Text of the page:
Leonardo DiCaprio and Revenant director Alejandro Iñárritu both used acceptance speeches to draw the attention to the rights of indigenous peoples. “I want to share this award with all the First Nations people represented in this film and all the indigenous communities around the world,” said the actor. “It is time that we recognize your history and that we protect your indigenous lands from corporate interests and people that are out there to exploit them. It is time that we heard your voice and protected this planet for future generations.”

At its best, the show was filled with surprises. Sylvester Stallone looked genuinely shocked not just about the standing ovation he received for winning an acting trophy for Creed but just for winning at all. “I’m going to try not to get emotional he said.” Lady Gaga, too, seemed amazed that she won the Golden Globe for her vampiric role on this past season of American Horror Story. “I wanted to be an actress before being a singer, but music worked out first,” she said. And Tarantino accepted the Best Original Score trophy on behalf of Morricone who, despite having written more than 500 soundtracks including classics like The Good, the Bad and the Ugly and The Mission, has never won an award for a single film, only lifetime-achievement awards.

And even though Denzel Washington already knew he’d be receiving the Cecil B. DeMille Award, he acted as though it were a surprise. He brought his whole family onstage but fumbled through a speech because he forgot his glasses. (His wife offered to help but then realized she’d forgotten her glasses, too.)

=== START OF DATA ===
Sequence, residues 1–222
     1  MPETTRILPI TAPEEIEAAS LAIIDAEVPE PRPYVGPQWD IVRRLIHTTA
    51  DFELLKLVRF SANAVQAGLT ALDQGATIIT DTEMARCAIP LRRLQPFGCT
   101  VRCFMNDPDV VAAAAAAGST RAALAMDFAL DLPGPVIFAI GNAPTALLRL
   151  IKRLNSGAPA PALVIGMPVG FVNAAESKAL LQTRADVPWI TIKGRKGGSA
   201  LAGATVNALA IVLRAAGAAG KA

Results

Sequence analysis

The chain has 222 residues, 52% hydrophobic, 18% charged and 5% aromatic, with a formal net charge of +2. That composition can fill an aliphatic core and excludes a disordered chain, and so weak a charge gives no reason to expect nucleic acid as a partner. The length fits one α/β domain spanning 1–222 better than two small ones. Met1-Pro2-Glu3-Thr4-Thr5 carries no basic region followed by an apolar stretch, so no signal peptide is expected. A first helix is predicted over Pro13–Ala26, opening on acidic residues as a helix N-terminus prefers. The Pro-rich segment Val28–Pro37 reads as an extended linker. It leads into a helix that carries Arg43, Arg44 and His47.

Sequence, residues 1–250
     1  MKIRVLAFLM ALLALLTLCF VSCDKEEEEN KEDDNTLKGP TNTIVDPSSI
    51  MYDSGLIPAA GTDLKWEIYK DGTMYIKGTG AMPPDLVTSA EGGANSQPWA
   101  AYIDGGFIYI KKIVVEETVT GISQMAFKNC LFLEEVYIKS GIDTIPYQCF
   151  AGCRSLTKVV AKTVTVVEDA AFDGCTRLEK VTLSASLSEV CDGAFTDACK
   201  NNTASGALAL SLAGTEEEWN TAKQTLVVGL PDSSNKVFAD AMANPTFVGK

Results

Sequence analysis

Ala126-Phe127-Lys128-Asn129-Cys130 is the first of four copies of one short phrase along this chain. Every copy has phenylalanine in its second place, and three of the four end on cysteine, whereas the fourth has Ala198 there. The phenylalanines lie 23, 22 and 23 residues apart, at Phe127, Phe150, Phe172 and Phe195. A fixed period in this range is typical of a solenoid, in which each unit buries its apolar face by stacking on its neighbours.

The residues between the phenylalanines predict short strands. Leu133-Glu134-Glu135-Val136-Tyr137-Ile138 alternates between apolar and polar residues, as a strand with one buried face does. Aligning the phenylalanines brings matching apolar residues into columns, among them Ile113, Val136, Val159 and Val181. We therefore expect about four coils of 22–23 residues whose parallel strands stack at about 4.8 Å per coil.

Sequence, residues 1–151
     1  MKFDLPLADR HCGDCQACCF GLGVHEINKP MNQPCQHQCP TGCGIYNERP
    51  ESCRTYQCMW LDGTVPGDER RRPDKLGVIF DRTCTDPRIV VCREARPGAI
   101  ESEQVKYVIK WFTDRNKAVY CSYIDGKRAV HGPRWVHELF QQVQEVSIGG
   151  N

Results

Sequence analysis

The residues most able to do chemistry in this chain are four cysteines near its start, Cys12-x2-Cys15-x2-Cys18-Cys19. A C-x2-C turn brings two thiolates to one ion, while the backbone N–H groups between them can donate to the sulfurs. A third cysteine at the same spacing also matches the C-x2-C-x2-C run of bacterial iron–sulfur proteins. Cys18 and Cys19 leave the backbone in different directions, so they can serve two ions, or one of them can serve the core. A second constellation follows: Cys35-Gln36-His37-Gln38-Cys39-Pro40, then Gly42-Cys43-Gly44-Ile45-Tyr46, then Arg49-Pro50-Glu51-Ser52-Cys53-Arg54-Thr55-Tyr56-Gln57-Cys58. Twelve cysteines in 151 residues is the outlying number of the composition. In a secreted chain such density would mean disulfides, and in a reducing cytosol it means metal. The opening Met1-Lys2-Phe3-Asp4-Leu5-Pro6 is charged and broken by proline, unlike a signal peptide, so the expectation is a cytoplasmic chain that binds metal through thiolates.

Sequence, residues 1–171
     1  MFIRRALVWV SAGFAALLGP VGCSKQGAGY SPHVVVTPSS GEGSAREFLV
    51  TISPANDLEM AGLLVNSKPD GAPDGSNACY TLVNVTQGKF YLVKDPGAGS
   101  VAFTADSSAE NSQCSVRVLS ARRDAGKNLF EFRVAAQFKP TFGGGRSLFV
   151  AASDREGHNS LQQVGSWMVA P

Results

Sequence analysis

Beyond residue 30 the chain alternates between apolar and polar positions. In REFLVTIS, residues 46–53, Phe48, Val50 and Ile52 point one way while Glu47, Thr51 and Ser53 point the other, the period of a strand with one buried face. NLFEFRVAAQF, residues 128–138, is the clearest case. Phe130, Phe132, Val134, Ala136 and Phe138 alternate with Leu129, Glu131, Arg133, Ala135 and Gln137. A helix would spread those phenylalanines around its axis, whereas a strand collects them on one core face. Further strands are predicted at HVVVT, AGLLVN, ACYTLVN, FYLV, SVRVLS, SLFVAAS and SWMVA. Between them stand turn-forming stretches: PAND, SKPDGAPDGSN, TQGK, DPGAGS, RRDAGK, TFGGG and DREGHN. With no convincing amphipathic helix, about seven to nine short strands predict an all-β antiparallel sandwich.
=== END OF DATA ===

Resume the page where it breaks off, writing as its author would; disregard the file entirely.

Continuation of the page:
The role of actresses in Hollywood was a frequent topic during the night, beginning with Gervais joking about wage equality, saying he was “getting paid exactly the same as Tina and Amy last year” and that female-centric remakes of movie were good business because they “guaranteed box office results and they don’t have to spend too much money on the casts.” Amy Schumer and Lawrence garnered laughs by playing on stereotypes: “As women in Hollywood, people have a lot of preconceived notions about us,” said Lawrence, as Schumer completed the thought with “‘Jen and Amy are so pretty’ … and ‘everyone wants to hang out with us.'” And Helen Mirren, 70, flipped the script on Gerard Butler, 46, saying he looked good for his age. But in more serious moments, Kate Winslet praised what she felt was an “incredible” year for women in film in her Best Actress in a Supporting Role acceptance speech for Steve Jobs.

The field of television evinced its continued growing pains as Fox’s Empire, PBS’ Wolf Hall and the CW’s Crazy Ex-Girlfriend were the only over-the-air shows to earn recognition at the show. Instead, Mr. Robot achieved something that would have seemed impossible even a year ago (two awards for – gasp! – the USA Network) and Amazon’s Mozart in the Jungle bested the streaming service’s favorite, Transparent, in garnering two Globes.

But other than the upsets, the unscripted moments like Jim Carey’s speech about wanting a third Golden Globe and the genuine surprise of talented actors and Ridley Scott earning awards for the first time, the best part of the whole show was the face-off between Ricky Gervais and Mel Gibson. “I blame NBC for this terrible situation, Mel blames … we know who Mel blames,” the host joked of having to awkwardly introduce the actor who so mercilessly skewered on that stage once. Gibson retorted, “I like seeing Ricky once every three years because it reminds me to get a colonoscopy.” Then Gervais came out and told a joke too cheeky for NBC censors, “What the fuck does ‘sugar tits’ mean?” referring to an alleged offhand remark Gibson said to a female police officer. Gibson winced. Nevertheless, Gervais swooped in for the last laugh. As the credits rolled, he said in voiceover, “For myself and Mel Gibson, ‘Shalom.'” It made for a show that is everything the Oscars and the Emmys could never be – and that’s a good thing.